Jellyfish are floating animals with gelatinous, umbrella-shaped bells and stinging tentacles.
Three species of jellyfish can be found in the Chesapeake Bay:
Jellyfish have a transparent, gelatinous body and an umbrella-shaped bell called a medusa. Tentacles with stinging cells hang from the bell. The stinging cells are called nematocysts.
Sea nettles have a smooth, milky white bell that grows to about 4 inches in diameter. Up to 24 tentacles hang from under the bell.
The moon jellyfish is the Bay’s largest jellyfish. It can grow 10 to 12 inches in diameter. Hundreds of short tentacles hang like fringe from the bell’s edge.
The lion’s mane jellyfish has a broad, flattened bell and eight clusters of short tentacles. The bell is usually orange-brown and grows to about the same size as the sea nettle.
Found throughout brackish and salty waters, including shallow waters, open waters and tidal rivers.
Sea nettles are abundant in May-October as far north as the Chesapeake Bay Bridge. Moon jellyfish visit the lower Chesapeake Bay in summer. Lion’s mane jellyfish are common in the Bay in late November-March.
Sea nettles and lion’s mane jellyfish prey upon fish, shrimp, comb jellies and other small creatures. They use their stinging tentacles to entangle, paralyze and capture their prey. Each stinging cell is like a barb that injects venom into its prey. Jellyfish then use their tentacles to move the food into their mouth, which is located under the center of the bell. Moon jellyfish eat plankton, including mollusks, crustaceans and copepods.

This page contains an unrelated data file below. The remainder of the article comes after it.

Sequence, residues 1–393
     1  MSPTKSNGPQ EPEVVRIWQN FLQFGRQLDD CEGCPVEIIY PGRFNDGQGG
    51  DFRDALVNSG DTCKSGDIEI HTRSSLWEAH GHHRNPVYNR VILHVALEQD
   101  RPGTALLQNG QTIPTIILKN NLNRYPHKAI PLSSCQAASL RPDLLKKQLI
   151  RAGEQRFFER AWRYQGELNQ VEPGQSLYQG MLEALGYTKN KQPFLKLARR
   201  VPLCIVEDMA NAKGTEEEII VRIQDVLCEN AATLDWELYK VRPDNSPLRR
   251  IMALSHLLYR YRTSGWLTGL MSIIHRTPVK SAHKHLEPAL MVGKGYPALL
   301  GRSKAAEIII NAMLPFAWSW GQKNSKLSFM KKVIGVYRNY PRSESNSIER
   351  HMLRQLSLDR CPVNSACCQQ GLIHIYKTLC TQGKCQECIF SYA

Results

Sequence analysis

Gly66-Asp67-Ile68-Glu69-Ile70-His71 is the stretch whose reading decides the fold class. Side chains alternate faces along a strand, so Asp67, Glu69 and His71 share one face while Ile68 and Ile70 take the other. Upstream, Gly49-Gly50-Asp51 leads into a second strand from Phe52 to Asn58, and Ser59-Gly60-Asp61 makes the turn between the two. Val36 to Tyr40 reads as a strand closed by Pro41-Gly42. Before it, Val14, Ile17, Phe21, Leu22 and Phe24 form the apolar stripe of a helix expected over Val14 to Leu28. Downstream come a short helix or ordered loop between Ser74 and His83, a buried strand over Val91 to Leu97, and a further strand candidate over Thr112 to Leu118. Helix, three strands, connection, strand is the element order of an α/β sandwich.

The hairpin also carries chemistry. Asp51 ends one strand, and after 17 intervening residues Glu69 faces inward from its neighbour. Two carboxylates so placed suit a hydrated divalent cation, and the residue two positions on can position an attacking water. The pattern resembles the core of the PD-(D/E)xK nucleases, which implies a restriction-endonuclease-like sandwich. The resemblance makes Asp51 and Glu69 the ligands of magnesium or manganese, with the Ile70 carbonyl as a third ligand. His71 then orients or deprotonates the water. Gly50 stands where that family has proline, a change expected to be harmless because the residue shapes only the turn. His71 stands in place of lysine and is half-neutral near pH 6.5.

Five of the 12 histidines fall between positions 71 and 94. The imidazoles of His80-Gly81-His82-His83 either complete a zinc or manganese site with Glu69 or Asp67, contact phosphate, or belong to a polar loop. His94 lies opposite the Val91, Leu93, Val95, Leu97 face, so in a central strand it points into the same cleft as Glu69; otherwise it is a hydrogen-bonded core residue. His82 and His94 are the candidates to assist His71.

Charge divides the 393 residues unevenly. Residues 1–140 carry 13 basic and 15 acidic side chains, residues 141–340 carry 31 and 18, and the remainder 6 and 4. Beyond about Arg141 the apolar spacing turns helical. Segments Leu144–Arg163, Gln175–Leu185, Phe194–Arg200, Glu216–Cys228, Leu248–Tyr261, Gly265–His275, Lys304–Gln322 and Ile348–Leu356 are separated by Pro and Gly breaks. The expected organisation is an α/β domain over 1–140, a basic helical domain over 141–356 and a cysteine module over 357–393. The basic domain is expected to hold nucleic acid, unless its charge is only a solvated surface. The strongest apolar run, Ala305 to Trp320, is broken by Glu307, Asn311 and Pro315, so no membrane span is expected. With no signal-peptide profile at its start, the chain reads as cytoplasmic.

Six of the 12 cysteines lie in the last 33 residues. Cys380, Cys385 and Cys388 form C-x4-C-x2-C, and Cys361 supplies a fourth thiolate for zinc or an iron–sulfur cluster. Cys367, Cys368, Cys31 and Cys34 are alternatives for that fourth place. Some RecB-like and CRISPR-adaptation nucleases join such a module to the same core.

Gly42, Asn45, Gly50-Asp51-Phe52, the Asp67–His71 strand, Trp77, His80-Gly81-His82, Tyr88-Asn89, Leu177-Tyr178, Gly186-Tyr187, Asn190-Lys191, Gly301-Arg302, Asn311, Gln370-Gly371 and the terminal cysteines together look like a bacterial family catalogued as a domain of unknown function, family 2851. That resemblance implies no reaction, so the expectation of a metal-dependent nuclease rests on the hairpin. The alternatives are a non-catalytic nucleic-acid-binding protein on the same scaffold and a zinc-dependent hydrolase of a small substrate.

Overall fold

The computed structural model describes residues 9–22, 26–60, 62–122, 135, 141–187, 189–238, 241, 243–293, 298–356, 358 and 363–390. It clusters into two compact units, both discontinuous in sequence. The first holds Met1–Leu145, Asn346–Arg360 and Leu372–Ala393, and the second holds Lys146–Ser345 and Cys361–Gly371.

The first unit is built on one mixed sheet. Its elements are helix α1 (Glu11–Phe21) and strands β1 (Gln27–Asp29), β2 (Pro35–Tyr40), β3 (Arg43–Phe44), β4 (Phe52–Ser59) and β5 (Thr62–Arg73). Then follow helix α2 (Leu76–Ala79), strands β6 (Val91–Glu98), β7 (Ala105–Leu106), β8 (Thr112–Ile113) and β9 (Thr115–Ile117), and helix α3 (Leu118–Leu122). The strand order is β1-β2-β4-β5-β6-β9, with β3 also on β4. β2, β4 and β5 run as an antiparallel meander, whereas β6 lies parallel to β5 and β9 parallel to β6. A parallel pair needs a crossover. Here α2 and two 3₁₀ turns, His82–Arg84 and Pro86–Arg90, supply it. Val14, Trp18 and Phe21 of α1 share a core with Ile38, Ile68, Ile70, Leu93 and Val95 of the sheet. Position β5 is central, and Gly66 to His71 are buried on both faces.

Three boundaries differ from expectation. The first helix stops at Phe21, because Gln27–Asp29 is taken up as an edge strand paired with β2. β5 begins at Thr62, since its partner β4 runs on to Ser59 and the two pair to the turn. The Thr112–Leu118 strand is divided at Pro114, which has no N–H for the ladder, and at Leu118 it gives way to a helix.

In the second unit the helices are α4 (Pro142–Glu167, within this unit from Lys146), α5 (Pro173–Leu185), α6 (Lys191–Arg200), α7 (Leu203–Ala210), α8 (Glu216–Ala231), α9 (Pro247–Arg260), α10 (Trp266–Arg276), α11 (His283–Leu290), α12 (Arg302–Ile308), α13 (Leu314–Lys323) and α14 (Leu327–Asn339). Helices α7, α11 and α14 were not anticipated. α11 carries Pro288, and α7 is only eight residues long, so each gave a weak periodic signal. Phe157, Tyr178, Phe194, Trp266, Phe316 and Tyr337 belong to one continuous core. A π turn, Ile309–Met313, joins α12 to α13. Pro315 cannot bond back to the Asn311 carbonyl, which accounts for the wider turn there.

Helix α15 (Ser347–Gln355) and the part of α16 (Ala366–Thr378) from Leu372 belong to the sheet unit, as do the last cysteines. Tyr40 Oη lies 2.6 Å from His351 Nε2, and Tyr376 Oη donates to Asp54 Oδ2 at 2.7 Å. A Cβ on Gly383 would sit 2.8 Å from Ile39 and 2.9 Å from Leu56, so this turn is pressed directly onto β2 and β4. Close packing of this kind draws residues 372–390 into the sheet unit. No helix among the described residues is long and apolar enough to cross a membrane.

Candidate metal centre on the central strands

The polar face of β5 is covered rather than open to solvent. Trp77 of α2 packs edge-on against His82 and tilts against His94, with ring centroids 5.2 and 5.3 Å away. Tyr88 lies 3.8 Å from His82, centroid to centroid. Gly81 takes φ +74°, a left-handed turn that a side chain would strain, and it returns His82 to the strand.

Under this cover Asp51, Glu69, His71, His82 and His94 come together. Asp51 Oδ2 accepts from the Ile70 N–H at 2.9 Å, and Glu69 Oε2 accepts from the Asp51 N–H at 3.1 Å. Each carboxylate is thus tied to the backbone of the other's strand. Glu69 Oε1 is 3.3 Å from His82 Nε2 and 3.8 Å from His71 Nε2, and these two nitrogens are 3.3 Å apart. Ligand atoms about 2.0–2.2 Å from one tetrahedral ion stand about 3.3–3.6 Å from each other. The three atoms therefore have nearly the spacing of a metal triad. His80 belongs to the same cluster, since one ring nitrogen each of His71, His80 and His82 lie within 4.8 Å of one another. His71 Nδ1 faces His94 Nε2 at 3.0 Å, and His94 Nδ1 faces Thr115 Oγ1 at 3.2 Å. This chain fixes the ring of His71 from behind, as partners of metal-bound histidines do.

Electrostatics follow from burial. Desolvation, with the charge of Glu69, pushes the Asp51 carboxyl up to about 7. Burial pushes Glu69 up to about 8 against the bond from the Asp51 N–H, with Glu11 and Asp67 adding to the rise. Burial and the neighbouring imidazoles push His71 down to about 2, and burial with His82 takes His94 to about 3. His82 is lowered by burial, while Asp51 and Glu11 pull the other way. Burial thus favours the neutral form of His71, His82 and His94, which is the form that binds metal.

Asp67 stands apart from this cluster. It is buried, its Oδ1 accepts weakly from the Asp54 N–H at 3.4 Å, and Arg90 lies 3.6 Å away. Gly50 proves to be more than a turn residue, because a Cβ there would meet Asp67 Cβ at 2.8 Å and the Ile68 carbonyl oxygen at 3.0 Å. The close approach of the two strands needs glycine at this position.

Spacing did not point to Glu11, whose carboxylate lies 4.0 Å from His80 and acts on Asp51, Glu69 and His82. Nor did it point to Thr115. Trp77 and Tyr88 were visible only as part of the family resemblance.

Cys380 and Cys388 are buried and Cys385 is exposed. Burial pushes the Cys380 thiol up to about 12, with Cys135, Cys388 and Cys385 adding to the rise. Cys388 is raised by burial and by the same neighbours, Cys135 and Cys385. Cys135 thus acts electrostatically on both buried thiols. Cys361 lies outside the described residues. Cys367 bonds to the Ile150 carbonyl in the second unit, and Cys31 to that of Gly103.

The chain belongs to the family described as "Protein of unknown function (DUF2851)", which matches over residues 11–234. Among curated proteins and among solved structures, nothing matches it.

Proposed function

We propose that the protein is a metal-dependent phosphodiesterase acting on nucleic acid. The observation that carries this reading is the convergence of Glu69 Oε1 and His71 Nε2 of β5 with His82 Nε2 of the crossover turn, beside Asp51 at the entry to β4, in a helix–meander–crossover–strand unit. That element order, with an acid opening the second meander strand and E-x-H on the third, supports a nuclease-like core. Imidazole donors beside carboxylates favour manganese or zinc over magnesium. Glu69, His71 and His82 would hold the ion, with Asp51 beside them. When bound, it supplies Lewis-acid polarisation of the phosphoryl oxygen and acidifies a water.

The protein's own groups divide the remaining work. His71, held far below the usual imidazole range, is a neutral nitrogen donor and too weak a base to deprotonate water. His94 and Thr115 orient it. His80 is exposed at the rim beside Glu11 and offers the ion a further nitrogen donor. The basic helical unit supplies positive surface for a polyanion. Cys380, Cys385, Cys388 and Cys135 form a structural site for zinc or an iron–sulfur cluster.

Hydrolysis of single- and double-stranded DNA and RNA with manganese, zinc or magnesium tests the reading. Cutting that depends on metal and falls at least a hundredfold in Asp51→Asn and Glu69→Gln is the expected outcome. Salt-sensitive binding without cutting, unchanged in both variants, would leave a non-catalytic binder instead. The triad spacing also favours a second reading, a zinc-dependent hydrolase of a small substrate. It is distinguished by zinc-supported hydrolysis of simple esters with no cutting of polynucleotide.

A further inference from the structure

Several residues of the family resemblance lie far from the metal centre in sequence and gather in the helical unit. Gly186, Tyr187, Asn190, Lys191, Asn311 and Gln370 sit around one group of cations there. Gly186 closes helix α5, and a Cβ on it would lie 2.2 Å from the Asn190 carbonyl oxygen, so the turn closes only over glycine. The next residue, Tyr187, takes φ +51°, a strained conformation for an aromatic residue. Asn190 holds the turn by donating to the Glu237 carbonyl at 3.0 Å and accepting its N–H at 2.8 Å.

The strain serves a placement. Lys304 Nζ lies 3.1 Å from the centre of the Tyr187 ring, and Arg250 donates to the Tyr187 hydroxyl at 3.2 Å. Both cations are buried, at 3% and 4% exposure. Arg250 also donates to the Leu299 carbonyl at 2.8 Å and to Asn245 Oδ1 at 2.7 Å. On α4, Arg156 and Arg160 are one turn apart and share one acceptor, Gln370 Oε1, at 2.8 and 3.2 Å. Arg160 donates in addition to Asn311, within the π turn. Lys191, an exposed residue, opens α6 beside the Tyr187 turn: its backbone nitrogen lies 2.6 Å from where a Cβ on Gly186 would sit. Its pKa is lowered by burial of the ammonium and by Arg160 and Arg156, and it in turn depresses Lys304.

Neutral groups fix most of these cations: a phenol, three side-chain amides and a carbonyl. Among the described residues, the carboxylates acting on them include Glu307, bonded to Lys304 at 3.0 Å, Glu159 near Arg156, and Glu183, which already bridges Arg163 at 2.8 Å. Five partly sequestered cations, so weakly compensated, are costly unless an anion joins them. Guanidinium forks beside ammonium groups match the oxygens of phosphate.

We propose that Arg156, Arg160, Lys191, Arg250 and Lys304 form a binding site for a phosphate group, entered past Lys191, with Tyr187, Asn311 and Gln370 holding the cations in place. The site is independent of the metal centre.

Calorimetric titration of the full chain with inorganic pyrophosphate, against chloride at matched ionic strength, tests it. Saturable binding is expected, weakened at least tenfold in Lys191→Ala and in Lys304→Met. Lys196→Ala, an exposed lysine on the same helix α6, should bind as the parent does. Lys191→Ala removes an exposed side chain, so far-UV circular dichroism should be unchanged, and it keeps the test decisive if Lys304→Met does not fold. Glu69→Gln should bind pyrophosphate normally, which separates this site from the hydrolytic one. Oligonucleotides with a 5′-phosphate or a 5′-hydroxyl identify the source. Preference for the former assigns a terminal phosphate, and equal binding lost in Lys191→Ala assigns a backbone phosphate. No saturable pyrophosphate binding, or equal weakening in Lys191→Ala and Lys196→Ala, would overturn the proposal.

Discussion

Many larger species, including fish, crustaceans and sea turtles, eat sea nettles.
Sea nettles spawn in mid-summer. They die after spawning. Males release sperm into the water. Females’ eggs are fertilized as they swim and pump water through their body. After fertilization, eggs develop into tiny, free-swimming larvae called planulae, which the female releases into the water. Larvae float with the currents for a few days, then settle and attach to a firm surface. The larvae blossom into anemone-like polyps that bud and grow over the winter. By spring, the polyps develop tiny, floating medusae that are layered on top of one another. The medusae are eventually released into the water. The freely floating medusae (called ephyra) eventually grow tentacles and mature into adults.